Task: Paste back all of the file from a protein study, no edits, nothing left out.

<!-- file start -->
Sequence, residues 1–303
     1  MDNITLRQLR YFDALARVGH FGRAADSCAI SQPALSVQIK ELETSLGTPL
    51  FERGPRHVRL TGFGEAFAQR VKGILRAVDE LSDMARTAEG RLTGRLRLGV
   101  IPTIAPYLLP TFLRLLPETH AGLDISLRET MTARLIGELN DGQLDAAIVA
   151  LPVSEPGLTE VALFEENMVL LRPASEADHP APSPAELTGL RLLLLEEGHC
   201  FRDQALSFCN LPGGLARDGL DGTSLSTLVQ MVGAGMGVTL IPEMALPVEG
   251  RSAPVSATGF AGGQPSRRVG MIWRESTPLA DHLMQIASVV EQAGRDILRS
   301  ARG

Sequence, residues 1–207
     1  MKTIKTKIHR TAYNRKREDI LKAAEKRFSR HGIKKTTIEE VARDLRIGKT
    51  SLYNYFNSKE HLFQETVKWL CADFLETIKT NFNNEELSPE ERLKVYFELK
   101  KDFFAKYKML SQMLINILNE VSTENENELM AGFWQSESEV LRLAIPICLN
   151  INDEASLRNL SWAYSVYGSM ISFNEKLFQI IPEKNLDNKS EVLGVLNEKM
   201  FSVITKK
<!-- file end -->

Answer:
Sequence, residues 1–303
     1  MDNITLRQLR YFDALARVGH FGRAADSCAI SQPALSVQIK ELETSLGTPL
    51  FERGPRHVRL TGFGEAFAQR VKGILRAVDE LSDMARTAEG RLTGRLRLGV
   101  IPTIAPYLLP TFLRLLPETH AGLDISLRET MTARLIGELN DGQLDAAIVA
   151  LPVSEPGLTE VALFEENMVL LRPASEADHP APSPAELTGL RLLLLEEGHC
   201  FRDQALSFCN LPGGLARDGL DGTSLSTLVQ MVGAGMGVTL IPEMALPVEG
   251  RSAPVSATGF AGGQPSRRVG MIWRESTPLA DHLMQIASVV EQAGRDILRS
   301  ARG

Sequence, residues 1–207
     1  MKTIKTKIHR TAYNRKREDI LKAAEKRFSR HGIKKTTIEE VARDLRIGKT
    51  SLYNYFNSKE HLFQETVKWL CADFLETIKT NFNNEELSPE ERLKVYFELK
   101  KDFFAKYKML SQMLINILNE VSTENENELM AGFWQSESEV LRLAIPICLN
   151  INDEASLRNL SWAYSVYGSM ISFNEKLFQI IPEKNLDNKS EVLGVLNEKM
   201  FSVITKK